Last Saturday night I met a friend at Beef and Boards Dinner Theatre on the northwest side of Indianapolis to see “Seven Brides for Seven Brothers.”* It was directed by Douglas E. Stark, with music direction by Terry Woods and choreography by Ron Morgan.
Neither my friend nor I had seen a production of this show before. We both enjoyed it very much. The story is very slight: seven rough-and-rowdy men in the Wild West (1850s Oregon) want to get married, and seven prim-and-proper town girls want to marry them, but everyone needs to overcome a few obstacles first, from bad manners to avalanches. However, even though the plot and characters are bare bones, the music, dancing, costumes, and set (including lighting, sound design, and special effects) are all richly delightful.
And memorable! When I got in my car to go home afterwards, the man at the car next to mine sang “And the women were sobbin’, sobbin’, sobbin!” as he first held the door open for his wife and then skipped around to the driver’s seat.
Tony Lawson and Krista Severeid play the leads: eldest brother Adam and his bride, Milly. My press kit says that these two will be married in real life soon after the end of the show’s run, in October. I confess that sometimes I took myself out of the story Saturday night by trying to imagine what it would be like to sing love songs to your betrothed in front of an audience almost every single day in the weeks leading up to your wedding. What if you had a fight about what color your bridegrooms’ cummerbunds should be and you didn’t feel like singing that he is the “One Man” for you or that God should “Bless Your (her) Beautiful Hide” on that particular day? I guess that is when your professional training as an actor kicks in.
Anyway, I swooned as Adam and Milly sang “Love Never Goes Away” with youngest brother Gideon (Sam Weber) in the first act as he tried to sort out his feelings for Alice (Kristen Noonan.) I swooned again as Adam and Milly sang that song to re-commit to each other in the second act.
I loved the exuberant “Wonderful Day,” too, and the funny “We’ve Gotta Make It Through the Winter,” and the touching “Glad That You Were Born,” and more. I hadn’t heard any of these songs before, but I immediately felt at home with them. The voices singing them are beautiful!
The dancing is a treat, too. Choreographer Ron Morgan fills the intimate Beef and Boards stage with dazzling leaps, lifts, and tumbles and perfectly negotiated partnerships. Costumer Brian Horton has the women in long, frilly dresses that swirl and twirl marvelously.
However, I have another confession to make: my favorite costumes in the show are the quilts that the brothers tie around their hips while Milly is washing their “outside clothes” and teaching them about “Goin’ Courting.” Who knew that strong, bare, male chests would go so well (look so sexy!) with folds of patchwork?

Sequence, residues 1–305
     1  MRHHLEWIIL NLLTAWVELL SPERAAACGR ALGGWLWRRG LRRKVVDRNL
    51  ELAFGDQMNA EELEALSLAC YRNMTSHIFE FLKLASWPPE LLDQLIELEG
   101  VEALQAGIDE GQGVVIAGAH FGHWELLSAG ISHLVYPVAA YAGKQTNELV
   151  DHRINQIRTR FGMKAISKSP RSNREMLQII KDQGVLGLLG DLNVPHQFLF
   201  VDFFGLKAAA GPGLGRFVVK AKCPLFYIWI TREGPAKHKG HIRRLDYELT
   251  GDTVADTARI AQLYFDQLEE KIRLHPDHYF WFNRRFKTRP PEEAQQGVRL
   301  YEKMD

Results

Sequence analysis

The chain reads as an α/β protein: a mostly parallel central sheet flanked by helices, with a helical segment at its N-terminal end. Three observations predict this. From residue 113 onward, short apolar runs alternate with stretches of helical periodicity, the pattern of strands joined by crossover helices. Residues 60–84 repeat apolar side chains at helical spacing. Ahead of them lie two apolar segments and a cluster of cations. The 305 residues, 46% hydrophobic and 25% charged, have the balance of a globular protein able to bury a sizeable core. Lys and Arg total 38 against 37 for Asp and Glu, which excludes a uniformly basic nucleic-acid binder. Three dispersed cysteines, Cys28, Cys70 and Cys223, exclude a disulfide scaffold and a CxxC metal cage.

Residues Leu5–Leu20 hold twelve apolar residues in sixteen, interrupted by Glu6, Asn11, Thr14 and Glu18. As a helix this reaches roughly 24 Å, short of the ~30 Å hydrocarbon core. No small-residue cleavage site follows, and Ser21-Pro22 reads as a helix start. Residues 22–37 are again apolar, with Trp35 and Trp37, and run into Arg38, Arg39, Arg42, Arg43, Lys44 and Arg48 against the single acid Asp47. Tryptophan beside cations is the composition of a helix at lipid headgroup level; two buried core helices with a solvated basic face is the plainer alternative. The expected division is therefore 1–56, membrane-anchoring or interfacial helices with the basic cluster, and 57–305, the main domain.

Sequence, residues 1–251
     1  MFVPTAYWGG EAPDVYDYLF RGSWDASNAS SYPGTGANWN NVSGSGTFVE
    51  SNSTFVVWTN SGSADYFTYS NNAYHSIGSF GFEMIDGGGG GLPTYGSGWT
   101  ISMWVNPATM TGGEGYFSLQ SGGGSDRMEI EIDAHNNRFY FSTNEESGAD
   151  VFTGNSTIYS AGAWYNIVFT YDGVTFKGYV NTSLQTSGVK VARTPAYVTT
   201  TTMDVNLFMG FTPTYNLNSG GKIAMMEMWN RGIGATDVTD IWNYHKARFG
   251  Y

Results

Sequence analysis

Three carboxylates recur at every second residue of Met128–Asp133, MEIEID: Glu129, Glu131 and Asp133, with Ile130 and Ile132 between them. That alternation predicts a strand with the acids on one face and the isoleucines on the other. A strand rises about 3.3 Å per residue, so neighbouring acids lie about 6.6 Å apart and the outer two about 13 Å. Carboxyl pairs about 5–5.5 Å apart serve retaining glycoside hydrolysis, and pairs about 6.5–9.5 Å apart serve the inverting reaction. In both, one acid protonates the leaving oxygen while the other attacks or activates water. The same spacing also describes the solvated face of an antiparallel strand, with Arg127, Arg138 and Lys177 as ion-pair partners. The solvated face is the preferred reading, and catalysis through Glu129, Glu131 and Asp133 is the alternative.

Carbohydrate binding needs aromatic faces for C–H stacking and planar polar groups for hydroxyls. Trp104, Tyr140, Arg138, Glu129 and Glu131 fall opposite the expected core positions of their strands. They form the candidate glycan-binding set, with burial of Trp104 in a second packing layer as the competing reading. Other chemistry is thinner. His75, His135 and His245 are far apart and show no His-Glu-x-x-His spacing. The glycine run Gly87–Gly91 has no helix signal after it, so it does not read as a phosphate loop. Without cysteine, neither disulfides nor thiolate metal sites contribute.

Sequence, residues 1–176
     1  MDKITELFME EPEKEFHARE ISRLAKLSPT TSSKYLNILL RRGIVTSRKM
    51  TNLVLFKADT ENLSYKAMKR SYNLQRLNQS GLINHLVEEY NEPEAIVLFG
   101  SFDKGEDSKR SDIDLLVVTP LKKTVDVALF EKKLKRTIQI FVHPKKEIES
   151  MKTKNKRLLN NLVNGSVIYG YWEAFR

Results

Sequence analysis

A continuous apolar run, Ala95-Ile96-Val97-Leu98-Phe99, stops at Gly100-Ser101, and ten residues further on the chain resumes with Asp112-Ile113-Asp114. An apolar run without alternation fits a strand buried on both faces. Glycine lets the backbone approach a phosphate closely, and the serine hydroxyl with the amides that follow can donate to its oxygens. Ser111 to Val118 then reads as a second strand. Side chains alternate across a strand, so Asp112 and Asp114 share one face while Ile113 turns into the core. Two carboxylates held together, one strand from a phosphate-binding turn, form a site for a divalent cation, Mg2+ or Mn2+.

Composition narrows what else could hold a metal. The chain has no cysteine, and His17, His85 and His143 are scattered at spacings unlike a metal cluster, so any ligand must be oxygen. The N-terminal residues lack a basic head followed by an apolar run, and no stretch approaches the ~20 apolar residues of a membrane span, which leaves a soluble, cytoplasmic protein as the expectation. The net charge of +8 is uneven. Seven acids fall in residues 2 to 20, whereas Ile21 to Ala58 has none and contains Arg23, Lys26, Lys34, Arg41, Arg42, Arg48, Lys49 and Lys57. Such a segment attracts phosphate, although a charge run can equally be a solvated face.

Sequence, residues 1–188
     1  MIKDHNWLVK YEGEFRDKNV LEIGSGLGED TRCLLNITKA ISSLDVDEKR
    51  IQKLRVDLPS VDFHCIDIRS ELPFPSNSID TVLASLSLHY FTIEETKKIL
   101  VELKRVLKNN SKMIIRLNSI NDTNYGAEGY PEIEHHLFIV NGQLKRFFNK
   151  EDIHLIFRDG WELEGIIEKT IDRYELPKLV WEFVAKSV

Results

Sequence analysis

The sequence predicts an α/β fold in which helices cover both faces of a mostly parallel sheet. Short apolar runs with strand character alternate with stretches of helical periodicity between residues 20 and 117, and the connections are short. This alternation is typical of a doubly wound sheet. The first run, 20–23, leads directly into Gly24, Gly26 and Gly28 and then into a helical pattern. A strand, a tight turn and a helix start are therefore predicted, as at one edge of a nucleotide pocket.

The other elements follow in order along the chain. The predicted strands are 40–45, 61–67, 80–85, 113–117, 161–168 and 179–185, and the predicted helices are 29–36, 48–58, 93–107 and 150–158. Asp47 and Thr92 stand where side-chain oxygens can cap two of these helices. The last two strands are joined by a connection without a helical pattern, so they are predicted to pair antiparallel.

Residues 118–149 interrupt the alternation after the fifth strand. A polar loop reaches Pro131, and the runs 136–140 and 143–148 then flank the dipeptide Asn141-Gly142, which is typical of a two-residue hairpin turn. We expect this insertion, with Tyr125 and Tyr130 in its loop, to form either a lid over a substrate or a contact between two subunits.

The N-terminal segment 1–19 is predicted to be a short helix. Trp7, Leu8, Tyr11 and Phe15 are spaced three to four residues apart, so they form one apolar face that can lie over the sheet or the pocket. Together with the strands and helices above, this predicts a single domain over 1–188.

Each of the brothers is a cutie in his own way. Anthony Majewski plays Benjamin. Doug King is Caleb. Peter Scharbrough is Daniel. Kenny Shepard is Ephraim. David Purdy is Frank. (Don’t you dare call him Frankincense, even though that is the Biblical name his mother gave him.) And as I mentioned earlier, Sam Weber is Gideon.
And when they get into a fight, hoo-whee, it’s a FIGHT. Fight director Adam Noble did a great job.
The pretty town girls that the brothers hope to marry include Dorcas (Deb Wims), Ruth (Teresa Diehl), Liza (Kate Goetzinger), Martha (Sally Mitchell), Sarah (Amanda Brantley), and, as I mentioned earlier, Alice (Kristen Noonan.)
The townspeople that do not particularly like the rambunctious brothers include Mr. Bixby (Eddie Currie), Joel (Nathanael Welch – he also plays the Preacher), Matt/Lumberjack (Jonathan McHatton), Zeke (Eric Allen Smith), Carl/Lumberjack (Jason Johnson), Jeb/Lumberjack (Jamie Westberry), and Luke (Tyler Braun.)
(Hey! Tyler Braun! I have enjoyed his work in several community theatres around town over the past couple of years and in the Dancing Santas group at the Indianapolis Symphony Orchestra holiday concert last December. I am delighted to see that he has made it into another professional show.)
The little orchestra up in its loft sounded good as usual. Conductor Terry Woods is on keyboard. Neil Broeker is on woodwinds. David Coleson is on trumpet. Tim Kelly is on percussion. Kristy Templet is on keyboard.
I thought I saw someone else in Daniel Hesselbrock’s sound booth right before the show began but I forgot to look again later, so I can’t tell you for sure who actually ran sound on Saturday night. But in any case, Daniel’s sound design was blissfully clear and smooth as usual.
Michael Layton designed and lit the multi-level Wild West set, making good use of the B&B stage’s turntable. My friend and I both especially loved the wagon wheels that turn to make it seem as if the stationary wagon at the side of the stage is actually moving as Adam drives it. Bill Mollencupp is the technical director and Ed Stockman is the stage manager.
All-in-all, this is a frothy yet satisfying show.
The service of our server, Julie, and Chef Odell Ward’s comfort food buffet were also satisfying.
“Seven Brides for Seven Brothers” continues through October 4, 2009 with several matinee and evening shows each week. Please visit www.beefandboards.com for more information and call the Box Office at 317-872-9664 between 10am and 7pm daily to buy tickets.
Hope Baugh – www.IndyTheatreHabit.com and @indytheatre
*Book by Lawrence Kasha and David Landay; lyrics by Johnny Mercer; music by Gene DePaul; new songs by Al Kasha and Joel Hirschhorn. Based upon the MGM film and a short story called “The Sobbin’ Women,” by Stephen Vincent Bene’t.